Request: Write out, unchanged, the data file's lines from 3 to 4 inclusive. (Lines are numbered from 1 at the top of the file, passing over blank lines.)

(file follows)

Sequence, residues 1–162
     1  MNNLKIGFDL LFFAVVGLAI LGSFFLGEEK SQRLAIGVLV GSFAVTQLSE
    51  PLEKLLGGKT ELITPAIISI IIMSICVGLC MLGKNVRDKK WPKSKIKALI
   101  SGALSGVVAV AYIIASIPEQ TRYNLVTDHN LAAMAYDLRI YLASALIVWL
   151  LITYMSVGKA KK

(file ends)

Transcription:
    51  PLEKLLGGKT ELITPAIISI IIMSICVGLC MLGKNVRDKK WPKSKIKALI
   101  SGALSGVVAV AYIIASIPEQ TRYNLVTDHN LAAMAYDLRI YLASALIVWL